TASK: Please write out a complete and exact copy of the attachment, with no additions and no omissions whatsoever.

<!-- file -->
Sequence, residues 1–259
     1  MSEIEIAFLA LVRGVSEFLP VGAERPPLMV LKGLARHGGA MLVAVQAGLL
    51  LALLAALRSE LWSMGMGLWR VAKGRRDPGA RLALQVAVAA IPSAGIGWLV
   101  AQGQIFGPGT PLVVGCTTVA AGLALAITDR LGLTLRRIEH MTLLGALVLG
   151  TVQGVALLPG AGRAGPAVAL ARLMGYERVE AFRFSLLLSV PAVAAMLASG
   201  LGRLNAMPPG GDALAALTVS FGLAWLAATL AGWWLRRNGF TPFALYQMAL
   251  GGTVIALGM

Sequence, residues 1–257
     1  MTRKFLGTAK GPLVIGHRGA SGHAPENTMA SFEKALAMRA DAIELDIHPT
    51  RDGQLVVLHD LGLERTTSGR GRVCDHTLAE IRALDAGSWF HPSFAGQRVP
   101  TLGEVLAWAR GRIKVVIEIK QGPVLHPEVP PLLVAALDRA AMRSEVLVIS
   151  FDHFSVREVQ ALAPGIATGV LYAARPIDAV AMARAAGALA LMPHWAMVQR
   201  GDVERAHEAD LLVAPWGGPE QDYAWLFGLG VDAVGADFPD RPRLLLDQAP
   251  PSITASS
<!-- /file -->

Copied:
Sequence, residues 1–259
     1  MSEIEIAFLA LVRGVSEFLP VGAERPPLMV LKGLARHGGA MLVAVQAGLL
    51  LALLAALRSE LWSMGMGLWR VAKGRRDPGA RLALQVAVAA IPSAGIGWLV
   101  AQGQIFGPGT PLVVGCTTVA AGLALAITDR LGLTLRRIEH MTLLGALVLG
   151  TVQGVALLPG AGRAGPAVAL ARLMGYERVE AFRFSLLLSV PAVAAMLASG
   201  LGRLNAMPPG GDALAALTVS FGLAWLAATL AGWWLRRNGF TPFALYQMAL
   251  GGTVIALGM

Sequence, residues 1–257
     1  MTRKFLGTAK GPLVIGHRGA SGHAPENTMA SFEKALAMRA DAIELDIHPT
    51  RDGQLVVLHD LGLERTTSGR GRVCDHTLAE IRALDAGSWF HPSFAGQRVP
   101  TLGEVLAWAR GRIKVVIEIK QGPVLHPEVP PLLVAALDRA AMRSEVLVIS
   151  FDHFSVREVQ ALAPGIATGV LYAARPIDAV AMARAAGALA LMPHWAMVQR
   201  GDVERAHEAD LLVAPWGGPE QDYAWLFGLG VDAVGADFPD RPRLLLDQAP
   251  PSITASS